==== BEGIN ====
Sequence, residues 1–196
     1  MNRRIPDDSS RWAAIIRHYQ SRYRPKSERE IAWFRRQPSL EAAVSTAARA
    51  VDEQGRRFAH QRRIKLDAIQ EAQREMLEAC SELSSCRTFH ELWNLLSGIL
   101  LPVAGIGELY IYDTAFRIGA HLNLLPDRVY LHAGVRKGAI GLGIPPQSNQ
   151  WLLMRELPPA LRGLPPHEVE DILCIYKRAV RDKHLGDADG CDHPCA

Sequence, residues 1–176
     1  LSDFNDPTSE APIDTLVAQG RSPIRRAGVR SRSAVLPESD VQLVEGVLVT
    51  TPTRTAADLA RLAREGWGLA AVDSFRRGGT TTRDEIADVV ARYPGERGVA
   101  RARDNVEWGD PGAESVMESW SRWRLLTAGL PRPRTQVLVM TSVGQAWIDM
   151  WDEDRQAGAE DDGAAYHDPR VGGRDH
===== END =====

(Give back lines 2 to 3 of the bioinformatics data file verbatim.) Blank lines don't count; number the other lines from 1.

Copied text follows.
     1  MNRRIPDDSS RWAAIIRHYQ SRYRPKSERE IAWFRRQPSL EAAVSTAARA
    51  VDEQGRRFAH QRRIKLDAIQ EAQREMLEAC SELSSCRTFH ELWNLLSGIL